(Fox News) A major southern California fault capable of producing a magnitude 8 temblor started to move for the first time in 500 years following a series of earthquakes in the Mojave Desert over the summer, according to a new study published Thursday in the journal Science.
The study by geophysicists from the California Institute of Technology and NASA's Jet Propulsion Laboratory found that the Garlock Fault – which runs east to west for 185 miles from the San Andreas Fault to Death Valley – has slipped .8 inches since July. This is the first movement documented on the fault in the modern historical record.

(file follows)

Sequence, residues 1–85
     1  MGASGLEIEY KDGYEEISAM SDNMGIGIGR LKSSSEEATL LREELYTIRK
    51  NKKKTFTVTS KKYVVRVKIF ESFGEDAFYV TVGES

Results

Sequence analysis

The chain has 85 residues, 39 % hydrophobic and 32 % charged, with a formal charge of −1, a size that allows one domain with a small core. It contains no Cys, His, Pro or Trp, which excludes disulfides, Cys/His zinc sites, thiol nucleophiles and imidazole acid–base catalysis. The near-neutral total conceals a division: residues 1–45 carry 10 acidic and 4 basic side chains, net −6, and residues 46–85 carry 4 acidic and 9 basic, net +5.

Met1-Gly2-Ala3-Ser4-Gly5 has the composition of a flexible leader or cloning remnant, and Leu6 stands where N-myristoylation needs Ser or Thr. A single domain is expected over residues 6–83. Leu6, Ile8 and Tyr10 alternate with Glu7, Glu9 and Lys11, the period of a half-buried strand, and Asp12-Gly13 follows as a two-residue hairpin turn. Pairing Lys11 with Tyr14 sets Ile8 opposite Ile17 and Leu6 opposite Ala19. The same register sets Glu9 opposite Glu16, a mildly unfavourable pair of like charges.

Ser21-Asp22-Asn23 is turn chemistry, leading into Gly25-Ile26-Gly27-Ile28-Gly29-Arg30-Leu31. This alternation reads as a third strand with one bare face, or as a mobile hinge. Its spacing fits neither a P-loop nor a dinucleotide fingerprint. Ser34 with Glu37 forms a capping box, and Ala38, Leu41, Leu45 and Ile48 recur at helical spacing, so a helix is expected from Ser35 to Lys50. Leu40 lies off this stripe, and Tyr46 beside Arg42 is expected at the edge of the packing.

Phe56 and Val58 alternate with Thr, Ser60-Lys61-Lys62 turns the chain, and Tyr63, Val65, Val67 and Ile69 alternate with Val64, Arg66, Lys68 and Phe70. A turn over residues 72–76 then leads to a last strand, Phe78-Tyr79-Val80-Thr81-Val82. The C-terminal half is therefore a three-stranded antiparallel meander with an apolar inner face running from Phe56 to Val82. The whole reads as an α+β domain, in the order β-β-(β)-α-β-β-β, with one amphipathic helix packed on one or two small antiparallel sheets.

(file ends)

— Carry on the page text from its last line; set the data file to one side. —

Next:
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“This is surprising, because we’ve never seen the Garlock fault do anything. Here, all of a sudden, it changed its behavior,” Zachary Ross, assistant professor of geophysics at Caltech and lead author of the paper, told the Los Angeles Time. “We don’t know what it means.”